"Look at them in parliament. It's a wonderful thing: true debate. There are many English conventions that would be very useful to us. That's one. The idea of a real debate. Not a rigged debate. Another is self-deprecation, which is highly cultivated by English people. Even people who you don't think have the soul of democracy, like Prince Philip - even he has learnt self-deprecation. It's the first thing you get when you're a kid. We don't have that. To put it mildly.

"I think that somehow, somewhere, we got piety and earnestness mixed up. And because we're such a big country for talking about religion as well as practising it, it's become a little bit of a club. Not a club of people banding together but something to club people with. 'This is how I worship. How do you worship? I worship better than you do because I believe better things. My God is better than your God.' And all humour is out the window as soon as you start that stuff."

He finishes the soup and moves on to the sandwich. "The two things I dread most are earnestness and piety. They're a blight.

You have to recognise a reality or you wouldn't laugh; therefore a laugh is the enemy of earnestness and piousness of any kind. And I just think they have more experience with all that in Europe. They don't bludgeon people with their beliefs in the same way."

Self-deprecation is also a way to diffuse anger, which leads Nichols to a discussion about anger being the fuel of humour. "There are people who can be funny without being harmful to anyone, but that takes great lightness on your feet and sophistication. By and large, I think funny people are angry people."

The comment is a rare glimpse at his self-portrait. He sees himself, for all his humour and interest in relationships, as an angry person too. "But I'm angry about things that I don't even remember any more, it was so long ago. So I have a reflex of anger."

For instance, whenever he enters a crowded party or event, he says his wife knows to stick very close to his side - especially with the first three or four people he encounters. "She has to laugh a lot, so the people I attack think it's a joke. And then explain that I get in a certain state when there are a lot of people and that I get aggressive, which is really defensive, which goes back to grammar school."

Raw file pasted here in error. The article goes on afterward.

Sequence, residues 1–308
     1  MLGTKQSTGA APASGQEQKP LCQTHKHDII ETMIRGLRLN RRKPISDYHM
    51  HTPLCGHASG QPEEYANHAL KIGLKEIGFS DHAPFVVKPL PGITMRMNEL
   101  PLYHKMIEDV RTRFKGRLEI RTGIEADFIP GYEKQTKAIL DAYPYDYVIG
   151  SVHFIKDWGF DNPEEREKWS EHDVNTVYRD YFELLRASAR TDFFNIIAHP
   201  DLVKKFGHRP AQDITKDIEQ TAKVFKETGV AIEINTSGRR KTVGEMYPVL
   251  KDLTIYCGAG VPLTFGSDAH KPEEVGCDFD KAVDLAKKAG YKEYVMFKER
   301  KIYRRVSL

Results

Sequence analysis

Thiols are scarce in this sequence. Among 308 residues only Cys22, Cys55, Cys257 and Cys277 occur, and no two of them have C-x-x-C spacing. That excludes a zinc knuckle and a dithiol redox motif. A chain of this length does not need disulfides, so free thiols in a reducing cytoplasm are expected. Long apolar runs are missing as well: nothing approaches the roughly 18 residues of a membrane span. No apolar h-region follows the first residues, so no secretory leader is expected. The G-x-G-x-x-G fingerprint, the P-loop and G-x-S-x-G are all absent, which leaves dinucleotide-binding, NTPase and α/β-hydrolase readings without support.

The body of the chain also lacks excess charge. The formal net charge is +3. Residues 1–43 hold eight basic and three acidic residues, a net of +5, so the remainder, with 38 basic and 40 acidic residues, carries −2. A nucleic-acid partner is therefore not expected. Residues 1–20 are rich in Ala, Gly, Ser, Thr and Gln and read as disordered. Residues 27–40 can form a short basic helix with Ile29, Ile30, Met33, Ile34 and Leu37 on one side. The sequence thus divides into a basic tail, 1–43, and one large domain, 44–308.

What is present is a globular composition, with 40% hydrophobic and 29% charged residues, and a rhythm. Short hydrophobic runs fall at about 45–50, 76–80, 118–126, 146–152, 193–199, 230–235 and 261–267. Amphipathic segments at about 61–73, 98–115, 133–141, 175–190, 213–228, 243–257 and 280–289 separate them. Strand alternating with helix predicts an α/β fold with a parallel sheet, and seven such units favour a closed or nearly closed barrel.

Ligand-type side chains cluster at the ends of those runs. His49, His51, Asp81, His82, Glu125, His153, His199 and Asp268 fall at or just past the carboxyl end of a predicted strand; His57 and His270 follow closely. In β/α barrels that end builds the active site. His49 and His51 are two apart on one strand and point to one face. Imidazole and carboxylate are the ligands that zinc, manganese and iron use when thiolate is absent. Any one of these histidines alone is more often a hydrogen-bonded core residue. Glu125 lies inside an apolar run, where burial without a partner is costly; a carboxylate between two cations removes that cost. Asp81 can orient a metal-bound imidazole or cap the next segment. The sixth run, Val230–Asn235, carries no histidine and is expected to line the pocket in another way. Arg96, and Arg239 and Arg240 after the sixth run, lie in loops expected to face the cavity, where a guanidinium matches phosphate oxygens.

Some of this is grounded in being a refugee, coming to a new country, and having a lonely and isolated childhood. Born in 1931 in Berlin as Michael Igor Peschkowsky, a German-Russian Jew, he arrived in New York at the age of seven, bald and devoid of body hair due to an adverse reaction to a whooping-cough vaccine given when he was four. To escape the Nazis, he and his younger brother, Robert, made the journey alone from Hamburg. Mike arrived knowing only two sentences: "I do not speak English" and "Please do not kiss me." His father, Paul, a doctor who had fled to Germany after the 1917 revolution in Russia, then fled Germany for America, was waiting for them. His mother, Brigitte, joined them a year and a half later, having been ill. Nichols learnt at a very early age to be alert and mistrust people. His father died when he was 12, leaving his mother, 34 and with no profession, struggling. Going to school, not speaking the language, hairless and wearing a cap, Nichols developed his intellect and keen observational eye as a suit of armour. Humour was the antagonist of self-pity. "Being an outsider, being tested and mistrusted as an outsider, and whatever it is that helps me know about people when I'm making a picture, is also the same thing that lets me know what everybody's thinking all the time. Which is not very pleasant. I don't want to know what everybody's thinking."

School was not an enjoyable experience.

He went to various progressive private schools, including a boarding school in Connecticut where he was taunted and bullied. He attended the University of Chicago, which is where he met Elaine May and began doing comedy.